Penguins in 7
No. 1: Play with that power
Pick a side, but consider the facts. The Lightning was one of six teams to click at 20 percent or better on the power play. The Penguins were first in penalty kill. The Lightning allowed a league-worst 16 shorthanded goals. The Penguins were second by scoring 13 shorthanded goals. Push, and maybe even a slight advantage for the Penguins, right• Probably not, because the Penguins are without Cooke (suspension), who is one of league's best penalty-killers — and they finished 21st in faceoffs after dropping off significantly since Crosby last played Jan. 5. The likelihood of the Lightning finding a way to score power-play goals will increase over a long series, as it did for Montreal against the Penguins in Round 2 last postseason. The Canadiens scored three of their four series power-play goals in Games 5-7. As for the Penguins' 25th-ranked power play perhaps getting hot, don't expect that against a Lightning penalty kill that rated eighth.
No. 2: Out through the trap door
There is no way to gauge how Lightning coach Guy Boucher's 1-3-1 trap, which keeps a defenseman back while attempting to clog the neutral zone, will pan out over a short series. However, the Penguins had a measure success against it this season, averaging 32 shots per game. There is a difference between shots and scoring chances, though — and the Penguins haven't always generated quality chances against trapping teams even when they've racked up high shot totals. Any trap is designed to force a team into mistakes that can lead to odd-man rushes. This 1-3-1 trap, though not traditional, is no different in its intent. The Penguins already are talking about playing patient — a potential compromise with their preference to play fast — to neutralize Tampa Bay's trap. That means the Lightning already have them thinking too much.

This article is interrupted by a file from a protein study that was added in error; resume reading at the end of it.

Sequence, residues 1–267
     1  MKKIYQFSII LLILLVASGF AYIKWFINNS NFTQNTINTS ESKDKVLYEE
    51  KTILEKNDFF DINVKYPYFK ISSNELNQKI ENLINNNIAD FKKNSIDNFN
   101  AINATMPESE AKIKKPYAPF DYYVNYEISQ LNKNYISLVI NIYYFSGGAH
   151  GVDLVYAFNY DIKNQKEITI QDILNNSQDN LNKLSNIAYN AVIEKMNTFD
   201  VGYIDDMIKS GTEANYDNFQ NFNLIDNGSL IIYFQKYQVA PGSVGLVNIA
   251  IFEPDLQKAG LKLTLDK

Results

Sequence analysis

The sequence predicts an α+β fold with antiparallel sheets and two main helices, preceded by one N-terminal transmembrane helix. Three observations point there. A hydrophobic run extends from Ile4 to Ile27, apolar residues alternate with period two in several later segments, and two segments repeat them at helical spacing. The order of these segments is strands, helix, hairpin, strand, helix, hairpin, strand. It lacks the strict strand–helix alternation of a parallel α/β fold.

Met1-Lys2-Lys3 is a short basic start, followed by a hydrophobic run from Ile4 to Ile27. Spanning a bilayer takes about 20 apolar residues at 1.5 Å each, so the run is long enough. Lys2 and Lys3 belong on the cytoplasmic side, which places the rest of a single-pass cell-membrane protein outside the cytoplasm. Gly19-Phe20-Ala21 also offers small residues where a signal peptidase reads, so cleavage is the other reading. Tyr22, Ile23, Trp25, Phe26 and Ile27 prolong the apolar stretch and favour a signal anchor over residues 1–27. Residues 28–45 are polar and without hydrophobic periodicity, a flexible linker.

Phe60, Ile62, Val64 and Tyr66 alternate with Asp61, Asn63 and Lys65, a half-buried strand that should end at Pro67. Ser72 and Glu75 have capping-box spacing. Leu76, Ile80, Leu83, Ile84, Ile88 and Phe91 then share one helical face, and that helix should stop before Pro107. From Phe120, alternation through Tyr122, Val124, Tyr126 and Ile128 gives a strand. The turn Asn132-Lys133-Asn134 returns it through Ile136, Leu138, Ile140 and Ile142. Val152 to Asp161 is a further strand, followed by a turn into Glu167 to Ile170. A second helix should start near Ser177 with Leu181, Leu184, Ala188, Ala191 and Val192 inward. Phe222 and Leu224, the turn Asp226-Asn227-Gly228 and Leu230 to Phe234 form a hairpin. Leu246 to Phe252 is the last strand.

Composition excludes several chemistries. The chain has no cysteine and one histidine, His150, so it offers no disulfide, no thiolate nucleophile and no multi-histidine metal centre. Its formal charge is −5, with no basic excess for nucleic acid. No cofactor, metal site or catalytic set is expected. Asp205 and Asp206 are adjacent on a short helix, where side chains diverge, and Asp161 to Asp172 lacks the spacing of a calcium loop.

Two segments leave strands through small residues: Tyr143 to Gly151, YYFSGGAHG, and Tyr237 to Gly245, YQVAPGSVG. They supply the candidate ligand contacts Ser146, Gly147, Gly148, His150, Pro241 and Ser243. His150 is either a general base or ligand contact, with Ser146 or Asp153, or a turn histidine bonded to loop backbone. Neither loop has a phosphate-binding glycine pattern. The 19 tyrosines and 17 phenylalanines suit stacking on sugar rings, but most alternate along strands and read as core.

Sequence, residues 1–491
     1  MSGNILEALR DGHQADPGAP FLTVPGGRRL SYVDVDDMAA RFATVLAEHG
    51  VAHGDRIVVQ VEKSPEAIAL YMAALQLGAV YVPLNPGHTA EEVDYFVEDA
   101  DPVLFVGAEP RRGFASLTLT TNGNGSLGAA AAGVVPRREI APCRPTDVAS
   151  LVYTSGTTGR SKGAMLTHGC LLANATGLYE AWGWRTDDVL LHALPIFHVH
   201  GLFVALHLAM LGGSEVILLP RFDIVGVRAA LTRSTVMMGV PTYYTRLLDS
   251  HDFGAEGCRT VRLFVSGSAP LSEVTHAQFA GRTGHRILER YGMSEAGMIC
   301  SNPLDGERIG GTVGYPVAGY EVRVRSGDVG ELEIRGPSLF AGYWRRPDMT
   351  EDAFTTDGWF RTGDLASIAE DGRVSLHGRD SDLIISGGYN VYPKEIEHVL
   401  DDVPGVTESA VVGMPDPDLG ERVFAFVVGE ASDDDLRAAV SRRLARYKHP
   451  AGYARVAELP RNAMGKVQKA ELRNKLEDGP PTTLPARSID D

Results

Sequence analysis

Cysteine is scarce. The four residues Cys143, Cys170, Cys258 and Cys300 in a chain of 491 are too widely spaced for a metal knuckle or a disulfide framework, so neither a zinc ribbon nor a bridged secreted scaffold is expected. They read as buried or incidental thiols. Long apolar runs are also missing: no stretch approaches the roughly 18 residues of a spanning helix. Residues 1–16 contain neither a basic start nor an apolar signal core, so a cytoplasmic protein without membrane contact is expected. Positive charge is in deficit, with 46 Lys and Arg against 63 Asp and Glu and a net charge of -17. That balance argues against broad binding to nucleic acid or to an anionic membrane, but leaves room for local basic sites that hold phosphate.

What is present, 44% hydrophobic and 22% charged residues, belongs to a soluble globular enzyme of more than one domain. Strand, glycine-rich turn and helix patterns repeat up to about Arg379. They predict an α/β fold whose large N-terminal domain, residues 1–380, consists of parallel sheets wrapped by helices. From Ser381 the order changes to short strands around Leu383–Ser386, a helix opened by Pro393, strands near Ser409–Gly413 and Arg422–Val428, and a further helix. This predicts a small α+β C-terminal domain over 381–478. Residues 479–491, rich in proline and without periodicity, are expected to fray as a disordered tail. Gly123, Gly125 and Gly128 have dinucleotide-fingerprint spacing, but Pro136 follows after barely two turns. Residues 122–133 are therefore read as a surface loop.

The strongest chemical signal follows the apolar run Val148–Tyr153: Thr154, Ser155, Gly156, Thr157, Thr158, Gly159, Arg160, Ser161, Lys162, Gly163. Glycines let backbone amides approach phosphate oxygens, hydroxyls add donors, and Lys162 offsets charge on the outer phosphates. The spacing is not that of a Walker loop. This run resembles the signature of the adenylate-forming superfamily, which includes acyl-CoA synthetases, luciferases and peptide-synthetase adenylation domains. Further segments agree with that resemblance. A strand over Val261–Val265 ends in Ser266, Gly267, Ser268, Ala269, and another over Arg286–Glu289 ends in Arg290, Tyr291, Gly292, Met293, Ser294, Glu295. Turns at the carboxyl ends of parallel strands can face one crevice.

No. 3: The thunder-crack attack
So dangerous is this Lightning offensive attack — seventh best during the season at 2.94 goals per game — that center Steven Stamkos, who has 96 goals the past two seasons, probably is third on the list of forwards who will keep Penguins coach Dan Bylsma awake at night. Veterans Martin St. Louis (40 points in 41 games) and Vincent Lecavalier (41 points in 46 games) are reputable so-called "Penguins Killers." While St. Louis was a model of consistency this season with 99 points, Lecavalier finished with 17 goals and 31 points in 30 games. This dynamic duo is capable of winning a series by itself. Add Stamkos' lethal shot and two veteran wingers known well by the Penguins in former Flyer Simon Gagne and Upper St. Clair's Ryan Malone, and that firepower leads to this result ...
Lightning in 6Additional Information:
Even without centers Sidney Crosby and Evgeni Malkin guaranteed to play in the Stanley Cup playoffs, the Penguins have the seventh-best odds to win it all this postseason at 11/1. Some notable odds for Round 1 between the Penguins and Tampa Bay Lightning:
Penguins win (7 games): 5/1
Lightning win (6 games): 4/1
Total goals: over/under 30
Penguins points leader (Chris Kunitz): over/under 4
Lightning points leader (Martin St. Louis): over/under 6.5